The Immaculate Conception: Grafting Process in Pearl Farming

by Anna Semiachko August 27, 2018

The Immaculate Conception: Grafting Process in Pearl Farming

What has to happen for a pearl to be conceived in the oyster’s body?

It can be a result of two events: either it happens by accident in nature, when a piece of shell or sand gets in the oyster’s belly or if the nucleus (the pearl’s core) is carefully inserted in the oyster’s “pearl pocket” by a human hand.

A pearl farmer cannot rely on accidental pearl conception, as it occurs extremely rare and never leads to desired pearl quality. Therefore, since the pearl grafting technique was invented at the beginning of the 20th century, it quickly found its application in the farming industry all over the world.

The process can be compared to in-vitro fertilization when the oyster is the mother and the pearl is her dearly loved child. It is one of the most difficult and important processes in pearl farming.

The Grafting Stages

The First Graft

When the oyster reaches the “fertile” age (normally about 2 years old), the farmers take it out of the water, accurately clean and prepare for the surgical operation. They have to be exceptionally careful not to harm the “mom”. The procedure requires top skill and compliance with hygienic conditions. The surgeon opens the mussle for a couple centimeters, just enough to insert the nucleus.

The nuclei or the seeds for Namaka Tahitian pearls are completely natural. They are made from the shell of another oyster (Mississippi shell). The color of this shell is light and doesn’t affect the unique hue palette that Tahitian Black Lip oysters produce.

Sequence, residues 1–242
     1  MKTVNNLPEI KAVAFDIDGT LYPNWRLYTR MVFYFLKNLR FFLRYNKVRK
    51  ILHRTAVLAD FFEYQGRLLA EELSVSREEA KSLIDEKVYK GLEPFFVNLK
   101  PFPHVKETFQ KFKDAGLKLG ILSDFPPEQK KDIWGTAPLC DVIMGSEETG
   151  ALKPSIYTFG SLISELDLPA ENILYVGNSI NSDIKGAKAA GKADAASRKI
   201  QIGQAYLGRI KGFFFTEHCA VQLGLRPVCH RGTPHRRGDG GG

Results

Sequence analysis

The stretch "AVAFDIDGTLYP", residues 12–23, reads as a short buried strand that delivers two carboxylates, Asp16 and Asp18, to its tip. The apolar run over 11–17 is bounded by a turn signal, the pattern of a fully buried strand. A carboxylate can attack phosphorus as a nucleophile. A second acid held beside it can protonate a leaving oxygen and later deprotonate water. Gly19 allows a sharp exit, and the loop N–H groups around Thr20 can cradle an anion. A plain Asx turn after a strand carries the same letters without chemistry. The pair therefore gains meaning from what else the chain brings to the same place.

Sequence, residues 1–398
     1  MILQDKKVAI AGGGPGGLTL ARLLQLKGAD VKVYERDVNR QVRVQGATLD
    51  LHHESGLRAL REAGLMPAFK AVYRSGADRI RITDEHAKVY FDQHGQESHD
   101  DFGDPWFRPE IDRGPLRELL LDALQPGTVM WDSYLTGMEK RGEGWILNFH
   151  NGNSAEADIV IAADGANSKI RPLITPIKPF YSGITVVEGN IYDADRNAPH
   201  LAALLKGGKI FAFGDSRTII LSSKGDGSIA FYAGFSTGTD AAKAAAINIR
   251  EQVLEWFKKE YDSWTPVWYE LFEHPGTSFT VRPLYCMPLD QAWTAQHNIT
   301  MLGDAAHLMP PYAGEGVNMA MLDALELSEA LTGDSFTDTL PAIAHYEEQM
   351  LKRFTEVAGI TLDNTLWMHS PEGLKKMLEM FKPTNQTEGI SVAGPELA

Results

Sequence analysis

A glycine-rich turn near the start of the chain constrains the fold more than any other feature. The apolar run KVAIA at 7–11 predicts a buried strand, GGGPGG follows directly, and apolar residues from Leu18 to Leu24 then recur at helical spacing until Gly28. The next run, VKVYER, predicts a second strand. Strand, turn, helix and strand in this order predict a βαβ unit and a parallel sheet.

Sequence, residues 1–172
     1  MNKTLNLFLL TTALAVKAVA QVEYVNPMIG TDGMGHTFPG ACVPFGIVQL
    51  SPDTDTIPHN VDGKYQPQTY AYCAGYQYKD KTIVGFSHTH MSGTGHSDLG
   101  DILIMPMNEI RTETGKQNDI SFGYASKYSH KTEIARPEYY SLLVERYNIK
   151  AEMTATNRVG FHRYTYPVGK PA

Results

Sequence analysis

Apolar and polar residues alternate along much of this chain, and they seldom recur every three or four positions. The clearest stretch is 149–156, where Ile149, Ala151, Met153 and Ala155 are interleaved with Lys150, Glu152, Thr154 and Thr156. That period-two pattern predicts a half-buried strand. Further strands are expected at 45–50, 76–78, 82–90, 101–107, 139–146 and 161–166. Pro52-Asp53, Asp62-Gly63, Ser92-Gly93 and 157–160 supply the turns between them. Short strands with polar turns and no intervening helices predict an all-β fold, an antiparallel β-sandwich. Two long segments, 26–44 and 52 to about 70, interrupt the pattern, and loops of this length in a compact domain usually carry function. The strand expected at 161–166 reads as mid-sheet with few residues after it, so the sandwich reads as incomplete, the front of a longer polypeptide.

However, just the seed is not enough for the oyster to accept the alien object in its body. The grafting technician will put a tiny piece of organic tissue to mantle the nucleus that was taken from another healthy black lip oyster. The epithelial cells of the mantle will multiply and cover the nucleus creating a pearl sac in which a pearl will grow.

After the successful operation, the specialists will put the mom-oyster back into the water and make sure she gets the nutrition and perfect conditions to thrive and grow a pearl by secreting even circular nacre layers around the seed.

The first graft normally takes from 16 to 24 months and, if all goes well, results in a first-graft size pearl 8 to 10 mm in diameter.

The Second Graft: How Do You Get a Bigger Pearl?

Let’s say the farmer was lucky and everything worked out smoothly during the first graft. The mom-oyster didn’t reject the nucleus, the weather conditions, temperature and composition of water were ideal. When the right time came the surgeons opened up the mussel and discovered a beautiful glowing round pearl inside.

That means that the successful work should be continued. This oyster becomes then a very valuable asset as she has proved her ability to give birth to beauty. She will be treated exceptionally well and used to raise another gorgeous child but of a bigger size this time.

A slightly bigger seed can be inserted then in her pearl pocket and in another 16 to 24 months she has a chance to deliver a second-graft size pearl – 12 to 14 mm in diameter.

The Third Graft

Now to get an even bigger beauty the farmer will conduct the third graft and patiently wait for another year or two. The tricky thing is that no matter how hard you try it’s impossible to grow a large pearl without going through all the grafting stages one by one. If the farmer will try to insert a bigger seed in a younger oyster that is not prepared for it, he risks to damage and kill the oyster or it will simply reject the unwanted nucleus.

The third graft pearls can reach 15 to 18 mm in diameter. They will be the most valuable not only because of their size but because of the years of work and effort invested by both Mother Nature and the pearl technicians who take care of the oyster’s wellbeing for years and sometimes generations.

The whole procedure is so delicate that it can be conducted only by caring people, no machines are able to perform the grafting, therefore the process cannot be automated. Every cultured pearl will carry the positive energy of the farmers and oyster-care specialists that work with passion and love to bring to life the unique beauty of the pearl.





Anna Semiachko
Anna Semiachko


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